A leading hypothesis of N-acyl ethanolamine (NAE) biosynthesis, including the endogenous cannabinoid anandamide (AEA), is that it depends on hydrolysis of N-acyl-phosphatidylethanolamines (NAPE) by a NAPE-specific phospholipase D (NAPE-PLD). Thus, deletion of NAPE-PLD should attenuate NAE levels. Previous analyses of two different NAPE-PLD knockout (KO) strains produced contradictory data on the importance of NAPE-PLD to AEA biosynthesis. Here, we examine this hypothesis with a strain of NAPE-PLD KO mice whose lipidome is uncharacterized. Using HPLC/MS/MS, over 70 lipids, including the AEA metabolite, N-arachidonoyl glycine (NAGly), the endocannabinoid 2-arachidonyl glycerol (2-AG) and prostaglandins (PGE(2) and PGF(2α)), and over 60 lipoamines were analyzed in 8 brain regions of KO and wild-type (WT) mice. Lipidomics analysis of this third NAPE-PLD KO strain shows a broad range of lipids that were differentially affected by lipid species and brain region. Importantly, all 6 NAEs measured were significantly reduced, though the magnitude of the effect varied by fatty acid saturation length and brain region. 2-AG levels were only impacted in the brainstem, where levels were significantly increased in KO mice. Correspondingly, levels of arachidonic acid were significantly decreased exclusively in brainstem. NAGly levels were significantly increased in 4 brain regions and levels of PGE(2) increased in 6 of 8 brain regions in KO mice. These data indicate that deletion of NAPE-PLD has far broader effects on the lipidome than previously recognized. Therefore, behavioral characteristics of suppressing NAPE-PLD activity may be due to a myriad of effects on lipids and not simply due to reduced AEA biosynthesis.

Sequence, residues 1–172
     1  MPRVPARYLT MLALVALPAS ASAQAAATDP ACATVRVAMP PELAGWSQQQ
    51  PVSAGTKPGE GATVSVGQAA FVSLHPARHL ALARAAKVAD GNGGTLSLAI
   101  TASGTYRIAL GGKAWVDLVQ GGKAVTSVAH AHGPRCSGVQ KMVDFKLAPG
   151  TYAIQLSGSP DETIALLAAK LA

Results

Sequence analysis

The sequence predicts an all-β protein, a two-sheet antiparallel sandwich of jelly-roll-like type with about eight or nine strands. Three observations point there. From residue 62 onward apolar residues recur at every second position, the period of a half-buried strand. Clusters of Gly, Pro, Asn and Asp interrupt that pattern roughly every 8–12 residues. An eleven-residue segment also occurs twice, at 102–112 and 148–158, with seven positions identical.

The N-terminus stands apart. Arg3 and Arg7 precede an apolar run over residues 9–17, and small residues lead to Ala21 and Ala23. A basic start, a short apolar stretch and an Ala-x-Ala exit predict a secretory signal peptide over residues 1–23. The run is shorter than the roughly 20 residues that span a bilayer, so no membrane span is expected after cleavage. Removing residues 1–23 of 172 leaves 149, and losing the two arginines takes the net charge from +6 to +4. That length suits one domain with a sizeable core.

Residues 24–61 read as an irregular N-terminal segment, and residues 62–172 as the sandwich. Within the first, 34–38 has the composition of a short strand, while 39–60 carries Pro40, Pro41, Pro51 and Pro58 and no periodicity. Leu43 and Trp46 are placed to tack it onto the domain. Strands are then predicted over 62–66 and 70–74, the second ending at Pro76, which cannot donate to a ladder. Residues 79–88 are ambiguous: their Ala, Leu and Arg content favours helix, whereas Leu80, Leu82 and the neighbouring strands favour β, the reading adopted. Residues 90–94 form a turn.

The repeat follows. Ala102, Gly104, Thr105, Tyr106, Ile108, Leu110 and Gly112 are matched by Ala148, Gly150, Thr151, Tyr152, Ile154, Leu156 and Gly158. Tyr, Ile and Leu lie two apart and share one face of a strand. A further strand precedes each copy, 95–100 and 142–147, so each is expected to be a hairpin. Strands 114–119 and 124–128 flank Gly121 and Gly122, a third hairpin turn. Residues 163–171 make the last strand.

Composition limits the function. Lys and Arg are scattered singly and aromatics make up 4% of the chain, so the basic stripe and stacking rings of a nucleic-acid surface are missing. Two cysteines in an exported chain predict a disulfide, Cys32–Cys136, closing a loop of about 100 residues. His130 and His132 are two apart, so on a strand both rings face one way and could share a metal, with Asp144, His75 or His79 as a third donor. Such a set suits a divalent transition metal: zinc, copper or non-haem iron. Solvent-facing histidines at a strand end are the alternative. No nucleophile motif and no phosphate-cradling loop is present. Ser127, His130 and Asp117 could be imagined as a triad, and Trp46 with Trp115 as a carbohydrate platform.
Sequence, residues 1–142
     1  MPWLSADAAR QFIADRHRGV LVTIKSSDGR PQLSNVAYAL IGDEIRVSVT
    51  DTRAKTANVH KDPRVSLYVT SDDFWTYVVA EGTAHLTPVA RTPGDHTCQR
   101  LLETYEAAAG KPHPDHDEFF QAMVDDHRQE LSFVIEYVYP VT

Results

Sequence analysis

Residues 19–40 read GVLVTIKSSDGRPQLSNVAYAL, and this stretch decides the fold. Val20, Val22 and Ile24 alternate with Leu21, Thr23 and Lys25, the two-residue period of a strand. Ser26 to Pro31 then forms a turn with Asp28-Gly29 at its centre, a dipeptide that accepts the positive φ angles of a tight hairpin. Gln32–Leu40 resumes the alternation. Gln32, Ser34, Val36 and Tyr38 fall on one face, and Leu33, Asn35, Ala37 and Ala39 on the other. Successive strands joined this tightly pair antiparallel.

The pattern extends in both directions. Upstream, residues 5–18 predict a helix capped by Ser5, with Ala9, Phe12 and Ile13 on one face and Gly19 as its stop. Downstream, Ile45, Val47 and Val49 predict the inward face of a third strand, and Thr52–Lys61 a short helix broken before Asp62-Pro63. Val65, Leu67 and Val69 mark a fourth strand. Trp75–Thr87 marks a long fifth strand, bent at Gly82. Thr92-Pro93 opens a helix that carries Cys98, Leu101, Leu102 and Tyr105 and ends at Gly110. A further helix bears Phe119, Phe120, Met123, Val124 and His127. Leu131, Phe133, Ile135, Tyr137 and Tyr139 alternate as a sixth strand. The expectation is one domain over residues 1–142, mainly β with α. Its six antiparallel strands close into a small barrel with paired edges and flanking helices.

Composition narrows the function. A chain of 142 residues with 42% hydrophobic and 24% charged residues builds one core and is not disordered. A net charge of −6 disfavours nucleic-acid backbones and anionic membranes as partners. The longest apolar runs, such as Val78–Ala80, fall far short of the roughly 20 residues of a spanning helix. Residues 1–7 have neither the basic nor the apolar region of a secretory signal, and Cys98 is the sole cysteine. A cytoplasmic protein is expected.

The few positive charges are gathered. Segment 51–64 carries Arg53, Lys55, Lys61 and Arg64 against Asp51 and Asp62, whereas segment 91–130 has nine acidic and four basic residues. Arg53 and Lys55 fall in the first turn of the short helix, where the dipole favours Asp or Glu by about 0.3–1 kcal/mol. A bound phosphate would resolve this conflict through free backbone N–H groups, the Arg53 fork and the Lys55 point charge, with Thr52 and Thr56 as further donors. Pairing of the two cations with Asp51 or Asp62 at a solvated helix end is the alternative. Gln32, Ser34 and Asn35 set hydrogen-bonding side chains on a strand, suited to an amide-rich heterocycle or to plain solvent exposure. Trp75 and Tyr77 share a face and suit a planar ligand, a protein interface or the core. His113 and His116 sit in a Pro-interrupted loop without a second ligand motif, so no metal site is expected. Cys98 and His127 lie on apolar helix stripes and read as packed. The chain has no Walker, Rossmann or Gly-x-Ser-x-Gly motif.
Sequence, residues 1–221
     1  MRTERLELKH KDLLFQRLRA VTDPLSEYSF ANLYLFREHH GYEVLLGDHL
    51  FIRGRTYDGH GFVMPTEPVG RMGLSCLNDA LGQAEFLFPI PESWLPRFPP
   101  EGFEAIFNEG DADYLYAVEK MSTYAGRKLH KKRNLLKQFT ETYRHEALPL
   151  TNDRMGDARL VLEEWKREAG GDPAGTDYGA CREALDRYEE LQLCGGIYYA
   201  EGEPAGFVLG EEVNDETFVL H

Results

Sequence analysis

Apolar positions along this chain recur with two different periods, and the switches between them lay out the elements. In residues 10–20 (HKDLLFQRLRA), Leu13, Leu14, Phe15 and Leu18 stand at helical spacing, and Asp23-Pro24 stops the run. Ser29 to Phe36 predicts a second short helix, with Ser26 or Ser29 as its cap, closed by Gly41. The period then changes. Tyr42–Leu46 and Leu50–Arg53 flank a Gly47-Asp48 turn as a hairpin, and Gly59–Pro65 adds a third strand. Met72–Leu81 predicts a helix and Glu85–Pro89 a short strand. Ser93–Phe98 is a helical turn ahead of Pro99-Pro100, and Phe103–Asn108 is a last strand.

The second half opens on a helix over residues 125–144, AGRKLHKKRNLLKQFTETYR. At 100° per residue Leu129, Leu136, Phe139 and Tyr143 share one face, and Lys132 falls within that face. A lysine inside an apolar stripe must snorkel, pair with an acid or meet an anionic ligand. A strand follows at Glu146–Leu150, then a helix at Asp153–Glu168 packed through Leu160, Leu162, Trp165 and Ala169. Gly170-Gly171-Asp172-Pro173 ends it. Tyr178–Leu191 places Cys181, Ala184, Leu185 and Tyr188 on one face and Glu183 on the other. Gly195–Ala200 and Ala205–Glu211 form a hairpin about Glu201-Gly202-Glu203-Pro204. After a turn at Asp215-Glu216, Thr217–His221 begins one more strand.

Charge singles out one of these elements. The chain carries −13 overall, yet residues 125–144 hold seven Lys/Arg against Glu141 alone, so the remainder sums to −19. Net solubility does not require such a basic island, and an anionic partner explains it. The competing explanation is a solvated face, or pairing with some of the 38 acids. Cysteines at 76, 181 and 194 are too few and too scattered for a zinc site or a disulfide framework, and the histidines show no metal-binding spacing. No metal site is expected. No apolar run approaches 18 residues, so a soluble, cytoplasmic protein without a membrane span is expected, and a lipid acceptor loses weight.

Keywords: Anandamide; Endogenous cannabinoid biosynthesis; Lipidomics; Lipoamine; NAPE-PLD.
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